Learning To Live

Recognition is everything.

What I’ve learned through this peer support position is that there’s a difference between “accepting” your “illness” and recognizing the way you think. I would even be daring enough to say that it’s simpler to accept your “sick” than it is to recognize how you think and constantly challenge it.

I do not mean fight it. I do not mean the day to day fight we all endure with anxiety or depression or voices or mood swings. What I mean by constantly challenging it is learning to live with some discomfort.

That’s the line that was in the description of the job position listed online. They didn’t call out for “mentally ill” people. They didn’t request “sick” people. They didn’t request “people who have accepted they are crazy”. They requested for people who have learned to live with some discomfort.

While exercising my right as a student against the financial aid department today, I felt the anger bubbling and the paranoia joining in: I was sure the woman at the counter, the one who I’d had trouble with in the past, was a racist woman who had messed up my account on purpose . I was sure she had entered the wrong information into the system on purpose a month and a half ago when I turned in all my paper work. She wanted to see me squirm. She didn’t like that I wasn’t someone like her, so she didn’t care whether or not I got my money. She wanted to keep me poor like the rest of the non-white, non-hispanic students at my college–all 26 of us.

I stormed out of the office shouting about their B.S. I slammed my car into the wrong gear and sped off down the street. I sent a very discontented email to the heads of the financial aid department and, as I suspected, I was in the right: they’ve fixed all the trouble and I will be getting my money soon.

But while all of this was going down, the woman was in the back of my mind. So was all of the other people in the recent past who I’ve felt were purposefully conspiring against me, whether it be whole organizations, peers and guests at work, students, professors, e.t.c.

It’s one thing to be aware of the paranoia. It’s another thing to sit in a seat, breathe, and realize even if the woman did plot against me, everything worked out in the end. It’s another thing to sit in a seat, breathe, and be okay with the reality my brain created because in the end whether it was real or not, neither truth really mattered. What mattered was the outcome.

I don’t have all the answers. All I can possibly know is what I experience. Perhaps that woman has been conspiring against me this entire semester. Perhaps she does have some hagish vendetta against me: what does that matter? She hasn’t prevented me from doing anything. She hasn’t physically attacked me or telepathically attacked me.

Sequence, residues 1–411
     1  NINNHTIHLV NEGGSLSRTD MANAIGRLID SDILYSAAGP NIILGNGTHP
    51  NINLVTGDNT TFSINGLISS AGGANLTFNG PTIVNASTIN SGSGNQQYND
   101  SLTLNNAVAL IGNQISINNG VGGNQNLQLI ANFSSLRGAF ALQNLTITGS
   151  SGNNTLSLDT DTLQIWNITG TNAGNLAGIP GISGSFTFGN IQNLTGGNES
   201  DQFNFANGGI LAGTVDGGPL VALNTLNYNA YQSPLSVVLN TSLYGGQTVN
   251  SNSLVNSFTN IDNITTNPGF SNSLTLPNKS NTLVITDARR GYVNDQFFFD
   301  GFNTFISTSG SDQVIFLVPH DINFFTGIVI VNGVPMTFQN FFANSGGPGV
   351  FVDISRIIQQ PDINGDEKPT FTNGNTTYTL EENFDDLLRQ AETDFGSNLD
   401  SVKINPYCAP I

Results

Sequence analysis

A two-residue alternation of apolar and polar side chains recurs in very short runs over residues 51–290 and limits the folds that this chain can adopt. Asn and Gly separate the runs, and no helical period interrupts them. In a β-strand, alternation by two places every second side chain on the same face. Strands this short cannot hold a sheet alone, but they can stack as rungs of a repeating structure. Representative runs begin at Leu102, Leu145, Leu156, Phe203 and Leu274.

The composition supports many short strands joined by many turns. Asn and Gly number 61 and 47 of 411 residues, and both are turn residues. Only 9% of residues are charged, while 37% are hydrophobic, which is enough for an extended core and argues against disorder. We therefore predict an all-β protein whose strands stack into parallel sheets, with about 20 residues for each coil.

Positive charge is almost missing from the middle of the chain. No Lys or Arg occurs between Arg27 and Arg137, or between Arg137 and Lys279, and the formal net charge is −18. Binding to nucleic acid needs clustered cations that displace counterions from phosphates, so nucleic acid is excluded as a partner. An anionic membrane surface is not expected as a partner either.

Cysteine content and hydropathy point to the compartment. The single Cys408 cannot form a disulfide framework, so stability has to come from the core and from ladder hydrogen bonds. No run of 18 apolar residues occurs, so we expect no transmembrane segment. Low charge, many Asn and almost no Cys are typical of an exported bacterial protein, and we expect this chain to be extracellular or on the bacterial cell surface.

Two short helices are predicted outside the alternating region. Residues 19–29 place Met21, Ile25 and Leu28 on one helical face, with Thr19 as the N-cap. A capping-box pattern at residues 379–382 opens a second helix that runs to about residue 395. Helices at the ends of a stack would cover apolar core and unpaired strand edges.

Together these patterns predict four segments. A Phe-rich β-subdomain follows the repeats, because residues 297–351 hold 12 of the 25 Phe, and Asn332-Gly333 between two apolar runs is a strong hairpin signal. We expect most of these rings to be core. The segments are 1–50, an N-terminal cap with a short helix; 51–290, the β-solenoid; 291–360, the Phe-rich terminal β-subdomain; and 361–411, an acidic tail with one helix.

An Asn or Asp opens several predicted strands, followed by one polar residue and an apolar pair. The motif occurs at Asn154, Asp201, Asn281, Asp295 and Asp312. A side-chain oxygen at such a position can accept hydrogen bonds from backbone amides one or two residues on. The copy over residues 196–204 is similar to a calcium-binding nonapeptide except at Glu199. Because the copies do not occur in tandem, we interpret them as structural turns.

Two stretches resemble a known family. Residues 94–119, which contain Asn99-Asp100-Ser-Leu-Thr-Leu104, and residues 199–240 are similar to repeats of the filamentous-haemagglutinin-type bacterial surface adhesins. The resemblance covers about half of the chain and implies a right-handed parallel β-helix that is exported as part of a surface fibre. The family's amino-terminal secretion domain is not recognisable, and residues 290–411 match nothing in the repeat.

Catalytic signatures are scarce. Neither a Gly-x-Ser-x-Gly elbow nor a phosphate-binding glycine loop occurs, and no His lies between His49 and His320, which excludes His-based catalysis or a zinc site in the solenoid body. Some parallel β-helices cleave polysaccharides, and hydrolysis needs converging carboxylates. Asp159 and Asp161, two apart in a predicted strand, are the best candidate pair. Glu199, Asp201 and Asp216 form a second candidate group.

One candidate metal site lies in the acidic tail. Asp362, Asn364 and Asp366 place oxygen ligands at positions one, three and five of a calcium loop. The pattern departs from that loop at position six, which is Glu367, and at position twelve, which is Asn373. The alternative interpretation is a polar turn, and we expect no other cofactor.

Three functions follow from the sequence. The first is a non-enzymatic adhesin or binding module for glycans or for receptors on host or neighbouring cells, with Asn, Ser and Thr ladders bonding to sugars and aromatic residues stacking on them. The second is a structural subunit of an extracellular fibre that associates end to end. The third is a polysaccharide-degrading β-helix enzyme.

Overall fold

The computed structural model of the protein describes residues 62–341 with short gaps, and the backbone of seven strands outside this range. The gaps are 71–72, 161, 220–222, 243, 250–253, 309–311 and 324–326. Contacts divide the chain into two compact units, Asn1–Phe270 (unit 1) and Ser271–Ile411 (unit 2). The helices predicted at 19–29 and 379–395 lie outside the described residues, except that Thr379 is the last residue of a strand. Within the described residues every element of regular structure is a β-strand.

And as my kitten stretches out on my lap and gives me quick little kisses with her tongue on my cheek, her simplicity makes me see how meaningless trivial experiences like this are. The bond we’ve created this last week will outlast any conspiracy against me. It will outlast any anxiety, any depression, and any physical part of life. There’s so much more in the world that we can’t see, that we can’t manipulate with our hands, that we can’t tear down with our words–things in the air, things in the soul, things in the heart, that should be the focus of our lives.

So what if you experience something better or worse than your neighbor. It doesn’t make you better or worse or sick or sane or ill or healthy or wrong or right. All of it just makes you human. Let the bad days exist. You couldn’t possibly know what’s coming tomorrow.

Andromeda Says Hi.

8 thoughts on “Learning To Live”

  1. Hey Andromeda, is your mom petting you enough? I’m sure is never enough for you tho but she’s a good mom she will love you a lot. Awww she’s so damn cute, Ali! I’m sorry for not passing by in such a long time, I’ve been crazy… and calculus, and University, and I hurt my foot lol What is life even? I agree with you, the hardest lesson is to understand so many things are meaningless and we can’t control like 99,9% of life, no wonder why is so hard to accept it. I’m so happy you got Andromeda. BTW more pictures won’t hurt nobody. Big hugs~

    Liked by 1 person

    1. 😀 thanks!! She’s such a sweetie. And so energetic! I’m teaching her how to fetch 😁 she a my cat-dog Lol. And it’s okay, hope things have been going well at uni! I’m gearing up for my calc 2 final. What happened to your foot??:O hope it’s okay! And I’m happy I have her too, she really helps me sleep at night. Ill be taking tons of pics! Hugs to you as well 😃

      Liked by 1 person

  2. Hiya Andromeda, et al. 🙂 Trying to figure out the motivation of others can be quite tempting at times. I know and do it far too often. Ascribing sinister, conspiratorial plans to those who seem out to get me. And even when I’m not paranoid I often think I can tell what others truly think of me. More times than not I’m probably wrong when I do this ascribing and like you said in the end it doesn’t really change the outcomes I’m dealing with, just changes my mindset and truthfully not for the better. Live and learn. Gnothi seauton!… Easier said than done sometimes, but I’ll never stop trying.
    Have a great non-sucky day…Good luck with calc final! 🙂

    Liked by 1 person

    1. Exactly! Sometimes it seems like overthinking is just the result of all this ridiculousness and if I could just stop doing that maybe things would change. Too bad I love thinking too much to stop doing it XD. Thanks for stopping by! Hope your days have been swell! And thanks for the good luck wishes!


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